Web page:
Where it comes from: South Africa's 'own' red grape variety, it is the result of a 1920s crossing between Cinsaut and Pinot Noir, now gaining in popularity. Flavour profile: Makes distinctive wines with pungent animal-like gamey notes and plummy, spicy fruit. You either love it or hate it. Where to find it: Rare outside South Africa, although a fair bit is now grown in New Zealand.
The Portuguese are thirsty people, ranking fifth in terms of per capita consumption. This creates a strong domestic demand for the fascinating wines that Portugal produces. For those bored with the flood of 'international' style Chardonnays and Cabernet Sauvignons, Portugal is a happy hunting ground of obscure grape varieties and unusual flavours. Its wines are also often good value for money. The Douro valley, in the north, is home to the Port industry, making fortified wines of varying styles, and increasingly good table wines from the same terraced hillside vineyards. Other regions such as Bairrada, Dão and the Alentejo are producing some exciting wines from traditional varieties. At the bottom end, there's still a lot of rustic plonk being produced, but there's now a growing band of quality minded properties making some serious wines.
Variety of grape common to Southern Italy.
An unpleasant process popular during the Spanish inquisition (though not with non-Catholics, apparently). These days the word is more likely to be used to describe a fundamental winemaking operation in which the clear wine is separated from the accumulated crud at the bottom of a barrel or fermentation vessel.
An obscure tasting term that describes the pungent smell of a (usually fortified) wine that has been intentionally oxidized or exposed to heat. Examples of wines showing rancio include some Madeiras or Australian liqueur muscats.
Another of the big Champagne bottle sizes, this one holds 4.5 litres (six bottles' worth). Enough for a quiet celebration with a couple of friends.
You'll often find the term 'reserve' on the label of a bottle, as it is a term used throughout the wine world. There is no formal definition of what makes a 'reserve' wine: producers usually use this to indicate a wine that is made from selected grapes or has been given lavish oak treatment.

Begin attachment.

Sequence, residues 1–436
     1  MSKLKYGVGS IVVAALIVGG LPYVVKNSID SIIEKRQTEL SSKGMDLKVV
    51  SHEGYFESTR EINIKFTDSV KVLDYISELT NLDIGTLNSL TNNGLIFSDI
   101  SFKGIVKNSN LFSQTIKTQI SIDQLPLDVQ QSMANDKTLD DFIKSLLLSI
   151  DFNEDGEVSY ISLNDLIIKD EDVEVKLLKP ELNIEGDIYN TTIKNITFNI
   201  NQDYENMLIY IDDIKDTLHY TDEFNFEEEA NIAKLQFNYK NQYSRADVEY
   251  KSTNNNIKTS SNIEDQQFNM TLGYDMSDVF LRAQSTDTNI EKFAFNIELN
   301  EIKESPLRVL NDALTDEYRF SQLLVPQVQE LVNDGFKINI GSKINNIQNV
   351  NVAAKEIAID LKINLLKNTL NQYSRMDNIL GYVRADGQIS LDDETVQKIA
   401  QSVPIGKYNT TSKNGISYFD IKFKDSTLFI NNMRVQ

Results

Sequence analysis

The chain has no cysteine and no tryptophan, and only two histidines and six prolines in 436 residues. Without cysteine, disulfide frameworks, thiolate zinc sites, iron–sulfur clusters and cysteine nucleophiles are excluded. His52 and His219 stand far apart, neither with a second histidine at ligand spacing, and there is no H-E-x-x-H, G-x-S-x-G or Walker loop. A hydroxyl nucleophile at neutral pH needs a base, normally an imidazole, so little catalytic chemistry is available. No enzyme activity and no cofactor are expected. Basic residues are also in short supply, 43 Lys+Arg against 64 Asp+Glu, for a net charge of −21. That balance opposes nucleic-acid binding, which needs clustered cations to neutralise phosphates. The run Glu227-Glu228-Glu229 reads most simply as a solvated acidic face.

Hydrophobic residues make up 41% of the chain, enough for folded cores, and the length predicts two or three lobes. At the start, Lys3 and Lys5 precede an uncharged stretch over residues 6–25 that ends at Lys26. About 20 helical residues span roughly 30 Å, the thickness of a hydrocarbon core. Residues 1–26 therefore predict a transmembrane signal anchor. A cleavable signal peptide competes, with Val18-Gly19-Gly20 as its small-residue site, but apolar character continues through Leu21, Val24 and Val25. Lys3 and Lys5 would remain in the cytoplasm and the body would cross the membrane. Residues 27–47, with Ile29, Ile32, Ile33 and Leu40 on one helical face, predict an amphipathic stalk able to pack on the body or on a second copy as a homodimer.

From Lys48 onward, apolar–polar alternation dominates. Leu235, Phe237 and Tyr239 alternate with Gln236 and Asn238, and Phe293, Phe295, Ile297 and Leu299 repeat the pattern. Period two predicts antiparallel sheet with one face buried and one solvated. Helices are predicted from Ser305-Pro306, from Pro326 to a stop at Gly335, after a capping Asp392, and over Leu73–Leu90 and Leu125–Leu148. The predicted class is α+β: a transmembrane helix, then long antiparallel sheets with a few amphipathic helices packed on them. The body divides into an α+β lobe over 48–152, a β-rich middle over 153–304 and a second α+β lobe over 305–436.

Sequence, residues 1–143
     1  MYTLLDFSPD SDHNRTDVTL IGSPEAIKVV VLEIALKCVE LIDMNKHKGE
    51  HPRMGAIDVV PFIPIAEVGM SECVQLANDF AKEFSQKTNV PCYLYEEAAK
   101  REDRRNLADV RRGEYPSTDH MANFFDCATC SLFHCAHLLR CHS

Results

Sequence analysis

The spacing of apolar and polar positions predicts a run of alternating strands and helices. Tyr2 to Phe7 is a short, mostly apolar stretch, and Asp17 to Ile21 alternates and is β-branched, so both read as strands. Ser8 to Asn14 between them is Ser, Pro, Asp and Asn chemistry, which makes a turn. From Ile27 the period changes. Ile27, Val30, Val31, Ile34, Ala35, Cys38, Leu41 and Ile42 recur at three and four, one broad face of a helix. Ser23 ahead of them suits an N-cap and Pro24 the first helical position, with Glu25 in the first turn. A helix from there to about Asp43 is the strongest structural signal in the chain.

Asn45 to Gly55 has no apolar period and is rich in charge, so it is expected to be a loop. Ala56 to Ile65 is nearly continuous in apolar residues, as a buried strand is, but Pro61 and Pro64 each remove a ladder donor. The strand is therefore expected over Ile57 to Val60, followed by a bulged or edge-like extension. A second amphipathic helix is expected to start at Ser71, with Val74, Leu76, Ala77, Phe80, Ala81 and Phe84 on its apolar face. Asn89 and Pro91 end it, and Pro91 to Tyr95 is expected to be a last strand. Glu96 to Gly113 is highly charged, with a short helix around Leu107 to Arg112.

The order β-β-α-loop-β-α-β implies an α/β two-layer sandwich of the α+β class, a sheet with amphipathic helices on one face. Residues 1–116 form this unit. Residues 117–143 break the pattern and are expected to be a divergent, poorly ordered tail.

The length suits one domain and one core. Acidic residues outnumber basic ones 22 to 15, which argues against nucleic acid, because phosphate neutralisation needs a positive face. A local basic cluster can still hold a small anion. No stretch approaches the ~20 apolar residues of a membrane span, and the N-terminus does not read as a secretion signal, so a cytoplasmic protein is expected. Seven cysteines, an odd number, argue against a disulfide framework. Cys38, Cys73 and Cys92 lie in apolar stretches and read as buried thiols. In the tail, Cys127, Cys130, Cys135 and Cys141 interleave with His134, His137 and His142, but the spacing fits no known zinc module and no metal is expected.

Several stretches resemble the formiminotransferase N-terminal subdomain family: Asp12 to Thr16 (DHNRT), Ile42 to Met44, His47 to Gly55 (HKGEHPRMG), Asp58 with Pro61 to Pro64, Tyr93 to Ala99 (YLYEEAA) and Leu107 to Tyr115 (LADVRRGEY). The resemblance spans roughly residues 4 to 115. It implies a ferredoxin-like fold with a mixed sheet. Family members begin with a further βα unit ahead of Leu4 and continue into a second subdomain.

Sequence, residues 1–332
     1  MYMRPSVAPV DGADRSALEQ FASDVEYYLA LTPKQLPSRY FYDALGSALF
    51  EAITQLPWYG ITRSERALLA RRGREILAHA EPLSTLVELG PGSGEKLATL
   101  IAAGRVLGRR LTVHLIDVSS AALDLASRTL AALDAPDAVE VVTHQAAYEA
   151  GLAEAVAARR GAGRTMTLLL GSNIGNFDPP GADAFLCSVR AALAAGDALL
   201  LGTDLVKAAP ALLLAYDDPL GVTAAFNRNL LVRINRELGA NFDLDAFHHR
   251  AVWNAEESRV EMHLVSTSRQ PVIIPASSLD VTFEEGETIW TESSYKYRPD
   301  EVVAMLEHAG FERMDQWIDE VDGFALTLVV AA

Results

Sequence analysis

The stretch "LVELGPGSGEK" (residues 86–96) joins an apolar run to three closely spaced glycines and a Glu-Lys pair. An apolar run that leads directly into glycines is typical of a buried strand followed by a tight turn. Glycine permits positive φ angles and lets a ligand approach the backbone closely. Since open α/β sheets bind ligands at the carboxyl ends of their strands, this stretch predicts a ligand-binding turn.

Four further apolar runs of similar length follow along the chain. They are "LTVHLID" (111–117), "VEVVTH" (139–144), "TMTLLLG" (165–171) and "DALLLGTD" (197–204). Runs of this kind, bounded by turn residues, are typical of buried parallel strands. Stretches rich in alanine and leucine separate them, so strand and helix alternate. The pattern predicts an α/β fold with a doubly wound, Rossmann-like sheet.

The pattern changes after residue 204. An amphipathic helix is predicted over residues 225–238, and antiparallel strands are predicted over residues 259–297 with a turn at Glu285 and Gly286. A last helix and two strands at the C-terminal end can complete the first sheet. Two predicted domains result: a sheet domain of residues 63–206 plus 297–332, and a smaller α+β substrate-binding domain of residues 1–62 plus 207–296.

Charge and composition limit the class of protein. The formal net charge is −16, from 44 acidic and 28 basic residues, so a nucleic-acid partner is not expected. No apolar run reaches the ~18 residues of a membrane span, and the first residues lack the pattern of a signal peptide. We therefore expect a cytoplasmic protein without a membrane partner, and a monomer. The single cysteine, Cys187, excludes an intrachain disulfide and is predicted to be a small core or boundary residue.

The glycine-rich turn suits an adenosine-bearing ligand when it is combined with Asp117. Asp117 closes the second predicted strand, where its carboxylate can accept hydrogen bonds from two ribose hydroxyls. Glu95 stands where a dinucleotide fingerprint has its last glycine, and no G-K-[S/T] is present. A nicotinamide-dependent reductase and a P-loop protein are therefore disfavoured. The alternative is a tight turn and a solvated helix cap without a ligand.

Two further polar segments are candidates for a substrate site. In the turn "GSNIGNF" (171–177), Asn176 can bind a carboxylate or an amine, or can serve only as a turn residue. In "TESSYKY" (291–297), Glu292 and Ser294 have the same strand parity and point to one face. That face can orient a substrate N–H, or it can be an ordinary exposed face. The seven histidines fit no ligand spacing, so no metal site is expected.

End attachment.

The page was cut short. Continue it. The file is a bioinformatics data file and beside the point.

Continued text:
Another statistic you might find on the back of a wine bottle. It refers to the amount of sugar left over after fermentation and is given in grams per litre. Below 2g/l, the wine will taste bone dry. Bear in mind that the perception of sweetness is altered by the other flavour elements in a wine, such as acid, tannin, alcohol and fruitiness.
Where it comes from: One of the classic white grape varieties, capable of making stunning, long-lived wines that span the spectrum of bone dry to lusciously sweet. Riesling vies with Chardonnay for the title of leading white wine grape. Flavour profile: Flavours associated with Riesling include citrus fruits, green apples, honey and flowers. In aged examples a distinct petrolly edge is common. Where to find it: It produces Germany's finest wines, and also excels in Austria and the Alsace region of France. Planted throughout the new world, particularly good examples are made in the Clare and Eden Valleys in Australia. Commonly known outside Europe as Rhine Riesling.
Romania has a great tradition of wine production, stretching back thousands of years, and thanks to a large-scale state-driven replanting programme in the 1960s now has the fifth largest area under vine in Europe. Yet in common with other Communist countries, emphasis was on quantity rather than quality, and the few bottles of Romanian wine you are likely to encounter on shop shelves in the UK will tend to be cheap and a bit plonkish. However, given the ideal grape growing conditions that exist in Romania, there is the potential for better things in the future.
Because of the consequences of the deadly root disease phylloxera, most vines in commercial vineyards are now grafted onto a suitable American variety (these are resistant to phylloxera). The precise choice of rootstock is a critical viticultural decision, as they all have different properties.
See Pinot Gris